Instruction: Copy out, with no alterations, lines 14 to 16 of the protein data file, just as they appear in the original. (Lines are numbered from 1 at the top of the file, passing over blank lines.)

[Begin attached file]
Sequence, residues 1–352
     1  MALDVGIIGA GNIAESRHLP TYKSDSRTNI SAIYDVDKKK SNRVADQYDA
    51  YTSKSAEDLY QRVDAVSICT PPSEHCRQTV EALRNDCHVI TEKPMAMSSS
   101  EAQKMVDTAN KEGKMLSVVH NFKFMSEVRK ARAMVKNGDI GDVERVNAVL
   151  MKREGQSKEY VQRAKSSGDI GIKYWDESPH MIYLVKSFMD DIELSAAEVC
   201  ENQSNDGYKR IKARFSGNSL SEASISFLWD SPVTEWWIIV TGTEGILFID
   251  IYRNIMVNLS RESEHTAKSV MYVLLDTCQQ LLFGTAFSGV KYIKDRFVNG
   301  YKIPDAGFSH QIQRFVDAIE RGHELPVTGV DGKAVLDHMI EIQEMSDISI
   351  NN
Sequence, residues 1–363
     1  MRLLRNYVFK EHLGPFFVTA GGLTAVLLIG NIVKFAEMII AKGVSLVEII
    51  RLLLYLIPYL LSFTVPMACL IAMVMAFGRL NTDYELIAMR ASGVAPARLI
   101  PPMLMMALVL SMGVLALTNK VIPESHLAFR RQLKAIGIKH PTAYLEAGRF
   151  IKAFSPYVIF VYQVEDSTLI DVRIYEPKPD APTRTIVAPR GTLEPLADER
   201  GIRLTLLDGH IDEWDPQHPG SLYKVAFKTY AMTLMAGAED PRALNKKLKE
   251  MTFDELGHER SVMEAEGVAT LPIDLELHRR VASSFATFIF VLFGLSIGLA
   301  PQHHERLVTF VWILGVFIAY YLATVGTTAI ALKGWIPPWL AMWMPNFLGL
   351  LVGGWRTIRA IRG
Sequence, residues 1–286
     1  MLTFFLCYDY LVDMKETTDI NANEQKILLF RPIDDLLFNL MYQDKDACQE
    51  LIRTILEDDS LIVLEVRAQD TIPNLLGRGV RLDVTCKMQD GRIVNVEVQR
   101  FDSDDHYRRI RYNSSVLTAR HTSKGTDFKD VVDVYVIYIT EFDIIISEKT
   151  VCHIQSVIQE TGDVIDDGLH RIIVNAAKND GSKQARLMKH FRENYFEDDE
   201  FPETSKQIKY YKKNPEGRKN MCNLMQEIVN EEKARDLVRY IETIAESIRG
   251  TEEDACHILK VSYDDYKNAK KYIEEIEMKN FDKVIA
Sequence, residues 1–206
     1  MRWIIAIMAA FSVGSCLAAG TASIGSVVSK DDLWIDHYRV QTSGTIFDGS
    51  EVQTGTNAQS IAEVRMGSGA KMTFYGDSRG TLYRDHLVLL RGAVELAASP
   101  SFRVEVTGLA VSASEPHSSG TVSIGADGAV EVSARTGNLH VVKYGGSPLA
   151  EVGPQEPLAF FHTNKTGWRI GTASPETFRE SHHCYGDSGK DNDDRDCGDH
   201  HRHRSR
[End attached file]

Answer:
   151  IKAFSPYVIF VYQVEDSTLI DVRIYEPKPD APTRTIVAPR GTLEPLADER
   201  GIRLTLLDGH IDEWDPQHPG SLYKVAFKTY AMTLMAGAED PRALNKKLKE
   251  MTFDELGHER SVMEAEGVAT LPIDLELHRR VASSFATFIF VLFGLSIGLA